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French bookstore saying au revoir

Almost half a century has gone by since Librairie Champlain opened shop in downtown Toronto, selling books and music to francophones and francophiles.

Almost half a century has gone by since Librairie Champlain opened shop in downtown Toronto, selling books and music to francophones and francophiles.

Now, two generations and three relocations later, the city’s lone French bookstore — one of only eight in the province — is shutting down.

“It’s all very sudden,” owner Marcel Arsenault said yesterday. Arsenault, who took over the store from his parents in 1993, plans to shutter it on April 30.

“We looked at the (account) books, we tried to lower our rent, but we can’t even afford to move,” he said in French.

The bookstore, on Queen Street East gets less and less business from school boards and public libraries, which previously accounted for roughly 70 per cent of sales, Arsenault said.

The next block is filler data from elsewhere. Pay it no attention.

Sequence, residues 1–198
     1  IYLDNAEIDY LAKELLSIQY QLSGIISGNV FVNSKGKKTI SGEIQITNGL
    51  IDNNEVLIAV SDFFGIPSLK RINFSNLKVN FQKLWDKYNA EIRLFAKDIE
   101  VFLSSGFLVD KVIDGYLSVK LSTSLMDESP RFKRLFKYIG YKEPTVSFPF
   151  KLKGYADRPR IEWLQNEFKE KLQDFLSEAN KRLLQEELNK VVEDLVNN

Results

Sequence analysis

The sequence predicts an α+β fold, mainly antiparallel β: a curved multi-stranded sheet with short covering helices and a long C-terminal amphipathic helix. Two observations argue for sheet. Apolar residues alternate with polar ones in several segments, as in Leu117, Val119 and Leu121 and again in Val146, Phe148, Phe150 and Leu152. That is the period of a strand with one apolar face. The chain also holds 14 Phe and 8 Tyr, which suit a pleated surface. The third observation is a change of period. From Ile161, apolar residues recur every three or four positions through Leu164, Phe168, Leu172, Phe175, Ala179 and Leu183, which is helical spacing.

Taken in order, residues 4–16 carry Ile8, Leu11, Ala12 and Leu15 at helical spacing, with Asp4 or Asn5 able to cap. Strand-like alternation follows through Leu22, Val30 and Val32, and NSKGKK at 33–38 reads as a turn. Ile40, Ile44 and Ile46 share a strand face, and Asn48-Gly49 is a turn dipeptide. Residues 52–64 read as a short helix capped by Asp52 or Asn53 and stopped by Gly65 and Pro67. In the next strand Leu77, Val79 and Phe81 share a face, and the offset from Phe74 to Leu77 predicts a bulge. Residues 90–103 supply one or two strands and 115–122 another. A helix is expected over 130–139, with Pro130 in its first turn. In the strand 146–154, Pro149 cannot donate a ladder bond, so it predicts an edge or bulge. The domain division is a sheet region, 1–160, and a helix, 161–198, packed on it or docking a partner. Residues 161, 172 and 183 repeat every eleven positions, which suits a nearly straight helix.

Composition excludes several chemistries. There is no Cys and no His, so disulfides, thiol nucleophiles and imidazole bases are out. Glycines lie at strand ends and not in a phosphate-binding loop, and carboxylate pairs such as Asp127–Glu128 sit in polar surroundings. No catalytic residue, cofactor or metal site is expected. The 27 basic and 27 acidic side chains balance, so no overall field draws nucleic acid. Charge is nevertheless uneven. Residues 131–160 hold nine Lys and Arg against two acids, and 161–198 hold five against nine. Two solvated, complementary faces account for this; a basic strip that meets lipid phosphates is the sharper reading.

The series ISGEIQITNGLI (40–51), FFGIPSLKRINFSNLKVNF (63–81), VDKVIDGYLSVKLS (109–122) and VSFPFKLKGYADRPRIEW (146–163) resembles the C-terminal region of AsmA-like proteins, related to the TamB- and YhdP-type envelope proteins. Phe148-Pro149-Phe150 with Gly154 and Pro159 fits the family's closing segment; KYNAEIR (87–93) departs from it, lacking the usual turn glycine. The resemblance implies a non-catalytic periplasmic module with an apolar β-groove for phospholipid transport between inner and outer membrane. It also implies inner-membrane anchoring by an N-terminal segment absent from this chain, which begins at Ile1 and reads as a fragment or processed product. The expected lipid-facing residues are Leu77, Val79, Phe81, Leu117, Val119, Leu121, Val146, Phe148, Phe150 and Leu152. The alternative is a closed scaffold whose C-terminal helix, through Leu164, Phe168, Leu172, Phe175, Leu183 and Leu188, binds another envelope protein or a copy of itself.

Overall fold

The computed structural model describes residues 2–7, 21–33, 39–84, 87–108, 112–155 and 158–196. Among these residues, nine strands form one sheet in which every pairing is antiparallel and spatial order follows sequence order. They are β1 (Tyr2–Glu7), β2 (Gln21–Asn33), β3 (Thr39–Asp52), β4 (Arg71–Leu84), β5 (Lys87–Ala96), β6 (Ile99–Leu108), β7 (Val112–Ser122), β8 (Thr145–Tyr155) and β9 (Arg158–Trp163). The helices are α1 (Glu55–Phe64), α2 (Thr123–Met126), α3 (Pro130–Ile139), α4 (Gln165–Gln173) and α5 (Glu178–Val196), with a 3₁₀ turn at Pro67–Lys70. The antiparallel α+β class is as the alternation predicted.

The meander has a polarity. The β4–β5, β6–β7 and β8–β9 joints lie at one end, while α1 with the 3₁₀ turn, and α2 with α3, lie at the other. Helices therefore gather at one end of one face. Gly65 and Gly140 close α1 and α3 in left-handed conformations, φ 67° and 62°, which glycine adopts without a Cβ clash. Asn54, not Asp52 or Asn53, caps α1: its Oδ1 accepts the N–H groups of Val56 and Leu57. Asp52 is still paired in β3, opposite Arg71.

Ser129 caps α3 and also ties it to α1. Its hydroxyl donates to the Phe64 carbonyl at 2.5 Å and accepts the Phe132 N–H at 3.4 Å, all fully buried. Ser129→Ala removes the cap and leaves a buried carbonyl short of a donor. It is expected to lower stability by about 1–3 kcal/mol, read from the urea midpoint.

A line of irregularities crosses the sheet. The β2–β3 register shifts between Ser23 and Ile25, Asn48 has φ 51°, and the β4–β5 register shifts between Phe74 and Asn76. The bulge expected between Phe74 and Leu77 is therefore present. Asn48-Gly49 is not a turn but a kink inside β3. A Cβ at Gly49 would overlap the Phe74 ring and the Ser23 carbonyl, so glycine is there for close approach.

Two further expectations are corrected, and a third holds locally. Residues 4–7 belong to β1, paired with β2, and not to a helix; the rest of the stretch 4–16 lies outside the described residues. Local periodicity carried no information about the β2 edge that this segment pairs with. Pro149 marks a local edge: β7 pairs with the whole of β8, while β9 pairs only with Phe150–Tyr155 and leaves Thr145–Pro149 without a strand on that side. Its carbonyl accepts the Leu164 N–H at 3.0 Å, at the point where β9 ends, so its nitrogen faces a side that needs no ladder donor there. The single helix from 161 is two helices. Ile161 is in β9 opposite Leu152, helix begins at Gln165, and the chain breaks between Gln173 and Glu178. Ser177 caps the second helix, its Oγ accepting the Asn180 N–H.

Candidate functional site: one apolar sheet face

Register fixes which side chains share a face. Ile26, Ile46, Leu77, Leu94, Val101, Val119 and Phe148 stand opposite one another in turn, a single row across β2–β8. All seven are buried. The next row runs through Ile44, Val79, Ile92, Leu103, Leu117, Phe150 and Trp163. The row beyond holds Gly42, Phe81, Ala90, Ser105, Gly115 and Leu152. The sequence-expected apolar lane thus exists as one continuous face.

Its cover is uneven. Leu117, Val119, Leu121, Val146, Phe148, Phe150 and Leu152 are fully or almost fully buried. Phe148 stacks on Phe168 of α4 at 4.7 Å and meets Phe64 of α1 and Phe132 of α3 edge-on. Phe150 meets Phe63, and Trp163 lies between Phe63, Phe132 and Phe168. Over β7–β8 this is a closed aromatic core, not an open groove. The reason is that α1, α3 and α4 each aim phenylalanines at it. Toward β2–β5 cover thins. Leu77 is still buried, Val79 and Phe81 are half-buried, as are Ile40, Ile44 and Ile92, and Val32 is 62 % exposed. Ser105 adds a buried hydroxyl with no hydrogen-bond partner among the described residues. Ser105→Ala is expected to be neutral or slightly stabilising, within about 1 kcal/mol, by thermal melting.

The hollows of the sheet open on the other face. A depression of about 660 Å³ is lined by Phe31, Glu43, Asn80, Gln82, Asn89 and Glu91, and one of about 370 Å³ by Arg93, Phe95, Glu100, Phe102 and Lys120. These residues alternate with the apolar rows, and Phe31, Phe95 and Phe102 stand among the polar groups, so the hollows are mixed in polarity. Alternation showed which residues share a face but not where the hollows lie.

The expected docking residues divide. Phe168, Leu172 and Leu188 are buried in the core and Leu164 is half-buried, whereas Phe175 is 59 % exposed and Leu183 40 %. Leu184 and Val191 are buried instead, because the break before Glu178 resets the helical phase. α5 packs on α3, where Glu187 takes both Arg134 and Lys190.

While all independent retailers feel the squeeze of big-box stores, Ontario’s French bookstores — already few and far between — are particularly at risk, due to added competition from Quebec, industry groups say.

Meanwhile, Quebec stores are bolstered by school boards and libraries, which by law must purchase books at retail price from certified local bookstores.

“It’s a terrific system,” and one that Ontario should consider, said Susan Dayus, executive director of the Canadian Booksellers Association.

Arsenault, who dedicated 30 years to the family business, said giving it up will leave a gaping void in his life.

 
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